There is a gradual but increasingly simultaneous extension of imperialist conflict to all the great strategic zones of the planet:
- to Europe where ex-Yugoslavia has become a permanent arena for the contest of the major powers that continually stoke the fires of local bloodbaths and threatens to draw in neighbouring regions;
- to Africa where imperialist war has become the norm rather than the exception;
- to South and East Asia, in the Indian sub continent ("the most dangerous place in the world" - President Clinton), over Timor and between China and Taiwan, not forgetting the antagonism between North and South Korea, and the re-assertion of Japanese ambitions;
- to the Middle East where the Pax Americana is continually coming unstuck - thanks to the interference of the European powers and the egoism of the local imperialisms;
- and even to Latin America, where Uncle Sam has lost exclusive rights to its imperialist hunting ground.
Although imperialist war is as yet mainly confined to the peripheral areas of world capitalism, the increasing participation of the great powers indicates that its ultimate logic is to consume most of the main industrial and population centres of the globe.
16) Bloody as the present conflicts already are, the recent development of a new arms race means that the imperialist powers are preparing for future wars of real mass destruction. The brief hiatus in increased military expenditure after 1989 is coming to an end. Lord Robertson, the new Secretary General of NATO, has warned the European powers that they must increase defence spending to be able to keep a war going "for at least a year". The new central European NATO powers - Poland, the Czech Republic and Hungary - are having to upgrade their ageing military airforce.
The United States is providing an important stimulus to this deathly spiral. Its decision to push ahead with its "missile defence" system has already brought forth a more aggressive nuclear policy by Russia and threatens to tear up the SALT 1 and 2 agreements. And the United States already spends $50 billion a year on maintaining its existing nuclear arsenal.
The significance of the nuclear arming of India and Pakistan, as far as new wars between these two rivals are concerned, hardly needs comment.
17) We will look in vain for a serious economic rationale for today's growing military chaos. The decadence of capitalism signified that the growing appetites of the industrialised imperialist powers could henceforth only be satisfied by a re-division of the world market, in direct competition with rivals of comparable strength. Wars to open up new markets against pre-capitalist empires were replaced by world wars of survival. Thus strategic motives had taken the place of directly economic objectives in waging imperialist war. War had become the way of life of capitalism, reinforcing its economic bankruptcy on a global scale.
Even so the world wars of the 20th century and the preparation for them still had a logic and order: the forging of blocs and spheres of influence in order to reorganise and reconstruct the world after militarily defeating the enemy. Consequently, despite the tendency for mutual ruination, there was still a certain economic logic in the military posture of the competing powers. It was the have-not nations who had the most interest in militarily disturbing the status quo, and the haves who opted for a defensive strategy.
18) Today, this long term strategic rationalityality of purpose has been replaced by a more short term survival instinct, dominated by the particular interests of each state.
The United States can no longer play the role it did between 1914-17 and 39-41, waiting for its rivals and allies to exhaust themselves before entering the fray. Thus the main economic beneficiary of the two world wars will have to increasingly exhaust itself in the military effort to preserve its world hegemony without the hope of re-creating a stable bloc around it.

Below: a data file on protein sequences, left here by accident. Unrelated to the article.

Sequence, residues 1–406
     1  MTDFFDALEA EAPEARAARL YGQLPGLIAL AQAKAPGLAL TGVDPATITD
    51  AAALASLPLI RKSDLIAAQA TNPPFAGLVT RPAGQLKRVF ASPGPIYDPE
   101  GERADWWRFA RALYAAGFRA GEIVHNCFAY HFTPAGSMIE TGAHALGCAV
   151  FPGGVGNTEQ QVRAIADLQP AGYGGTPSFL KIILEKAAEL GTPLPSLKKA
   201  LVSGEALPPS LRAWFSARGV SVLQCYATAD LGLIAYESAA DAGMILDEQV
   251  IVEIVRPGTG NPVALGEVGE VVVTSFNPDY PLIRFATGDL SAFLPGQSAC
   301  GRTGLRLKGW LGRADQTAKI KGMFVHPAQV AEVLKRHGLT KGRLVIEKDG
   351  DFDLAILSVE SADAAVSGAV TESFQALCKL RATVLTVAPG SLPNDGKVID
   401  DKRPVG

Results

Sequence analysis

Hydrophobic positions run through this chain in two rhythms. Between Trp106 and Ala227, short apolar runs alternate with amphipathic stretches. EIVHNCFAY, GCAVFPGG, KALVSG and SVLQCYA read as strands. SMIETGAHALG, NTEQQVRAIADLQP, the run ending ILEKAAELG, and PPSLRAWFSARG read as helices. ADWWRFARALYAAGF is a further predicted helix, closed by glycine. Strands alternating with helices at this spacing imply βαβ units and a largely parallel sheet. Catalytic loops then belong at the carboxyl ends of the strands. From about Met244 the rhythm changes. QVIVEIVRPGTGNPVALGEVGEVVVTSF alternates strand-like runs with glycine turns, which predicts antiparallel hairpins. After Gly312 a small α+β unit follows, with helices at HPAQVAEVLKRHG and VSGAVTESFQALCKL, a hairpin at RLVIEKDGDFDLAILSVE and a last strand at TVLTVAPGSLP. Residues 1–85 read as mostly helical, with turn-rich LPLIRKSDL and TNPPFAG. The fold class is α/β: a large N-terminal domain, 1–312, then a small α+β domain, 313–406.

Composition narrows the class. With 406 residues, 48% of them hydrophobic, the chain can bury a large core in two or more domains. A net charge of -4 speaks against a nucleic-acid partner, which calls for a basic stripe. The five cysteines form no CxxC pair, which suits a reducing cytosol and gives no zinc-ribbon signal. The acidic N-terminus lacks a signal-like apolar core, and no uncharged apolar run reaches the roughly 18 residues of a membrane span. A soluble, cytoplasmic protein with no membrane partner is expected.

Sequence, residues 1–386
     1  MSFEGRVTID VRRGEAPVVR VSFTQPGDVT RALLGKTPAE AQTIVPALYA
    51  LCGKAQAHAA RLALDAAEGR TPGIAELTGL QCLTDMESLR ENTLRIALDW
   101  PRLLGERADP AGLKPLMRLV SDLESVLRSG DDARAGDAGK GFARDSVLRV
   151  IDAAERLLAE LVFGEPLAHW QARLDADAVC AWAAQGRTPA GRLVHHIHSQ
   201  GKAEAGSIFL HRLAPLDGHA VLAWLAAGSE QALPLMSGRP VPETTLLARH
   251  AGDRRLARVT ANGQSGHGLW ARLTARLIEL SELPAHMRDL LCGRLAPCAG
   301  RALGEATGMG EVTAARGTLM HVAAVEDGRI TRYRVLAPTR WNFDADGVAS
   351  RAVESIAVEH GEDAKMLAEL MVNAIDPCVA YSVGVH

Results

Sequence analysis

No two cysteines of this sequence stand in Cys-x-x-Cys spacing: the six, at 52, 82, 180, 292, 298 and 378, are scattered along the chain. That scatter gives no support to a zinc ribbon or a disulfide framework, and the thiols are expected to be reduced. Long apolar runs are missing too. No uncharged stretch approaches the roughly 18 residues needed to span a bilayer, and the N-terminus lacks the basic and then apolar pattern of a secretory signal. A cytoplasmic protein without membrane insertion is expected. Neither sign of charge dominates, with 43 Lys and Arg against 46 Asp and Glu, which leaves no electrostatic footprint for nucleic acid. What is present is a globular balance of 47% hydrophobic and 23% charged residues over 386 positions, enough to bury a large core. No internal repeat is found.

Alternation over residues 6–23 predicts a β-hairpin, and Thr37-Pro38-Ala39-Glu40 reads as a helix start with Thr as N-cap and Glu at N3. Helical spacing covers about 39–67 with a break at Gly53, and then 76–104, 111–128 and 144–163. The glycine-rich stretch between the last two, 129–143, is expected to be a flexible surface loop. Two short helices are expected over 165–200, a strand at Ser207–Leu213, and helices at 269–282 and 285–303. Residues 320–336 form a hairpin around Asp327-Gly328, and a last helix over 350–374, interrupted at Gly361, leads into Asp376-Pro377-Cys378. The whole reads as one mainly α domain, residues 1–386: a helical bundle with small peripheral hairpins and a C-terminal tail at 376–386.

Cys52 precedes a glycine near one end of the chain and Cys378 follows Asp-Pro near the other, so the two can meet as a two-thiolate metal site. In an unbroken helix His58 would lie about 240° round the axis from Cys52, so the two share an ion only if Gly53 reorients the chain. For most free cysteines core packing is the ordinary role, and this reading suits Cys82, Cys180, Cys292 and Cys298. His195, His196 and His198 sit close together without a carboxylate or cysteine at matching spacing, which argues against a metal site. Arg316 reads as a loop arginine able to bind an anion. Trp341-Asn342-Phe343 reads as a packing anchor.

Germany, the main contender to rival the US, is economically strong, but has no realistic hope of creating a rival military pole.
The rival secondary imperialisms have no possibility of offsetting their weaknesses by coalescing around rival superpowers. Instead each one has to go it alone - to punch above its weight - with more hope of frustrating the alliances of rivals than of forging its own, and even being forced into wars against its allies - as Britain and France were against Serbia in the Kosovo war - in order to stay in the game.
19) In this situation war today increasingly appears purposeless, as war for its own sake. The destruction of towns and villages, the devastation of regions, ethnic cleansing, turning whole populations into refugees or the direct massacring of defenceless civilians seems to be the objective of imperialerialist war rather than the consequence of actual military, let alone economic, goals. There are no lasting or clear-cut victors but a temporary stalemate, before renewed battles of increased destruction.
The reconstruction of war-devastated countries that used to be the only possible and temporary economic benefit of war is today a fantasy. Old war zones will remain as rubble.
But ultimately this situation is only the logical outcome of an economic system whose tendencies to self-destruction have become dominant.
This is what is meant by the irrationality of war in the decadence of capitalism. The period of decomposition has only taken it to an anarchic conclusion. War is no longer undertaken to further economic goals, or even for organised strategic objectives, but as short term, localised and fragmented attempts to survive at each other's expense.
But humanity's time has not run out yet. The world proletariat has not yet been defeated in its main concentrations in the advanced capitalist countries nor been turned into canon-fodder. Despite the retreat which the working class has been through since 1989, it is still possible for it to catch up with history. The ineluctable aggravation of the economic crisis will act on the growth of class militancy and the development of consciousness about the historic bankruptcy of the capitalist mode of production, which are the preconditions for the working class to fulfil its capacity to carry out the communist revolution.